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Taxpayers fund Grant Nichols' luxury field trip to Boston

Nichols' scheduled junket to Boston for the National School Boards Association conference is anticipated to cost taxpayers almost $3,400.

Nichols' scheduled junket to Boston for the National School Boards Association conference is anticipated to cost taxpayers almost $3,400.

Grant Nichols gets paid pauper's wages as a Columbia Heights School Board member. Like his four peers, Nichols, who's gained notoriety for an early September online blurb that disparaged Muslims' lavatory habits, receives a $6,000 yearly stipend to attend Tuesday meetings and "listening sessions."    

Board members may also get up to $100 a day in per deim for such expenses as parking and conference fees.

But the gig does have its perks, namely trips to cool places.

According to information obtained from Columbia Heights Public Schools through a Freedom of Information request, Nichols is scheduled to enjoy a springtime junket to the National School Boards Association Annual Conference in Boston come April. The cost to taxpayers is anticipated to be almost $3,400, which includes $1,800 for lodging and $675 in airfare.

Someone must have neglected to check Southwest.

"Talking points" provided by the association explain why it's a must gathering for the likes of Nichols. "Our children benefit from board members attending and then using their knowledge to make well-informed decisions about school policy, finance, personnel, or curriculum," reads one.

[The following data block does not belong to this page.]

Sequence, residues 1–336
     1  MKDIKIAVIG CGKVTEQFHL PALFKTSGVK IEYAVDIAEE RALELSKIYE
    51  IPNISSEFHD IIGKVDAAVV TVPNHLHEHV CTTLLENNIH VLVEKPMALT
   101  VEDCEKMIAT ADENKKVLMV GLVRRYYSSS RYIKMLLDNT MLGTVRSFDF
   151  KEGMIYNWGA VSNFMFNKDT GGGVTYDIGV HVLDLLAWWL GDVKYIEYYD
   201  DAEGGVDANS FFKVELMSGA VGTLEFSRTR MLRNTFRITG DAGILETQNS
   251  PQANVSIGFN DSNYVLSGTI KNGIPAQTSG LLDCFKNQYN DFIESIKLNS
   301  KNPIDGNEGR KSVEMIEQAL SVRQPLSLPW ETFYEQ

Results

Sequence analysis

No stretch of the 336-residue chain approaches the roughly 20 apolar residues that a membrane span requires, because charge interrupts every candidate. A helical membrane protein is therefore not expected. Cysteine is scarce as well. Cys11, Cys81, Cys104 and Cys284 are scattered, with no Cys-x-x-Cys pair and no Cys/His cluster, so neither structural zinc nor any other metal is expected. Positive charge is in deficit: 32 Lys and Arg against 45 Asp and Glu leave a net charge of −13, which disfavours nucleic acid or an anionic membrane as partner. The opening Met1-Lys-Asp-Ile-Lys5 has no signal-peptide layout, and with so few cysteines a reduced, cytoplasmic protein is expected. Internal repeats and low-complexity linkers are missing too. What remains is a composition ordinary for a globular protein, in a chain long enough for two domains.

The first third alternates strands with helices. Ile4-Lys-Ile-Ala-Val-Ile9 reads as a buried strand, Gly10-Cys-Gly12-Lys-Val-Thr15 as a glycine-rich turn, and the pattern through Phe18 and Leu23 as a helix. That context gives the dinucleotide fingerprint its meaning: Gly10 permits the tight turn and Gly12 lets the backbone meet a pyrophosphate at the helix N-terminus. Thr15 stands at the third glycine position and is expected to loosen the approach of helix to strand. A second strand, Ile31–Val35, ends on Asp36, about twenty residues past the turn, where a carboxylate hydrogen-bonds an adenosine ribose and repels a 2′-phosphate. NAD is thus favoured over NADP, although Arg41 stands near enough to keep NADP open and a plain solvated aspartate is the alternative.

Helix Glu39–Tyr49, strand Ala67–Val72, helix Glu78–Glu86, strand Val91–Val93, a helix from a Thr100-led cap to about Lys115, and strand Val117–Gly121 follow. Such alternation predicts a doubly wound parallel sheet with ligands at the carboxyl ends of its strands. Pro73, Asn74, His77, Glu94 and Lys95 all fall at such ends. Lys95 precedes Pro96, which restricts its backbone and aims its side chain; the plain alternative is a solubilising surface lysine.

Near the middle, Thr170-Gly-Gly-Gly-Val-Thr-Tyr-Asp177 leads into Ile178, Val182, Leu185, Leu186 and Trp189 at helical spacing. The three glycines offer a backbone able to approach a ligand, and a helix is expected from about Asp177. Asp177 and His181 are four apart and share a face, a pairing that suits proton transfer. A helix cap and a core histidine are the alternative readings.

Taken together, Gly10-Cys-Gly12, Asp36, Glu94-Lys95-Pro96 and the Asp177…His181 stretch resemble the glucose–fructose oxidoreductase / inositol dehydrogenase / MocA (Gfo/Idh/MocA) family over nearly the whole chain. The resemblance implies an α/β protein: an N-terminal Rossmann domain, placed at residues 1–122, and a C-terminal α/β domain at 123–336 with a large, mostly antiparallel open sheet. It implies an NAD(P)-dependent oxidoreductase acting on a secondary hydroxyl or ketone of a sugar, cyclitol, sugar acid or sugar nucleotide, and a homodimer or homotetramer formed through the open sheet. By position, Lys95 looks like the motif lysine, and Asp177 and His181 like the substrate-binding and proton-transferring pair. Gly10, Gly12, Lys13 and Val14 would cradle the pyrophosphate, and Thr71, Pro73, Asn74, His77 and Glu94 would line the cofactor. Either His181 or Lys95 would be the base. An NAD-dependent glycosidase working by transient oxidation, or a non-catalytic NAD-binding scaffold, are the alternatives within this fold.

What will taxpayers enjoy vicariously through their attending representative?

A choice in plush accommodations, including Marriott Copley Place that's located in the city's stylish Back Bay neighborhood. Towels are free for the lap pool. If Nichols prefers staying closer to the action, he may decide on the four-star Westin Boston Waterfront that's serving as event headquarters. Amenities include a 24-hour fitness studio and the hotel's "Vertical Garden," where greenery not only serves to calm the nervous system after a harried day of learning, but also "serves to purify the air we share."

Once settled in at his hotel for the conference that runs April 9 through 11, Nichols can glean valuable knowledge from hundreds of vendors. At the National Peanut Board booth, he could learn "delicious recipes, reliable nutrition information, and myth-busting facts about food safety and peanut allergy."

Stopping by the D.A.R.E. display may be of personal interest. That's where Nichols could learn about "the resistance skills necessary" to avoid drugs and other "harmful behaviors."

If learning and networking weren't enough, Nichols can pay extra to attend one of the "Meal Events," like the one featuring the “Warhol of Wall Street,” a presentation about "on-stage painting as a visual metaphor" that's impossible not to spur "organizational innovations and superior levels of performance." 

When Columbia Heights' chosen son is pooped and requires a well-earned respite from the expo action, complimentary 30-minute massages will be available at the "Relaxation Station."